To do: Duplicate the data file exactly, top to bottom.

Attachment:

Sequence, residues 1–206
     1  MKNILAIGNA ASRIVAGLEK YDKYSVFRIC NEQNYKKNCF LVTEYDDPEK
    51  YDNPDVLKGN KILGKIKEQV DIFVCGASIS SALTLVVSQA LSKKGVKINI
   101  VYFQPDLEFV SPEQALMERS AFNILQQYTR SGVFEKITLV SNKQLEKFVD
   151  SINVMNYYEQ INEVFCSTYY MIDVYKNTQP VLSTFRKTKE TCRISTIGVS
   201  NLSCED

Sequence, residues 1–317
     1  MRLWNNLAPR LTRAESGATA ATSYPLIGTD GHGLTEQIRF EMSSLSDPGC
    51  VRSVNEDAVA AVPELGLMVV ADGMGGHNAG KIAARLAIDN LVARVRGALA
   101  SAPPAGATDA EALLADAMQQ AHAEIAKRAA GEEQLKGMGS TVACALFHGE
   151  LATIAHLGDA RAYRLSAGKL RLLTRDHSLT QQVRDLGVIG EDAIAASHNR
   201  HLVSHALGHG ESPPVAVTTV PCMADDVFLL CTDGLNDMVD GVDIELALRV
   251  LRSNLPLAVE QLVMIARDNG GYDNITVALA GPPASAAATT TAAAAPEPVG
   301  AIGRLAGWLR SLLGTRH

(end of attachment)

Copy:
Sequence, residues 1–206
     1  MKNILAIGNA ASRIVAGLEK YDKYSVFRIC NEQNYKKNCF LVTEYDDPEK
    51  YDNPDVLKGN KILGKIKEQV DIFVCGASIS SALTLVVSQA LSKKGVKINI
   101  VYFQPDLEFV SPEQALMERS AFNILQQYTR SGVFEKITLV SNKQLEKFVD
   151  SINVMNYYEQ INEVFCSTYY MIDVYKNTQP VLSTFRKTKE TCRISTIGVS
   201  NLSCED

Sequence, residues 1–317
     1  MRLWNNLAPR LTRAESGATA ATSYPLIGTD GHGLTEQIRF EMSSLSDPGC
    51  VRSVNEDAVA AVPELGLMVV ADGMGGHNAG KIAARLAIDN LVARVRGALA
   101  SAPPAGATDA EALLADAMQQ AHAEIAKRAA GEEQLKGMGS TVACALFHGE
   151  LATIAHLGDA RAYRLSAGKL RLLTRDHSLT QQVRDLGVIG EDAIAASHNR
   201  HLVSHALGHG ESPPVAVTTV PCMADDVFLL CTDGLNDMVD GVDIELALRV
   251  LRSNLPLAVE QLVMIARDNG GYDNITVALA GPPASAAATT TAAAAPEPVG
   301  AIGRLAGWLR SLLGTRH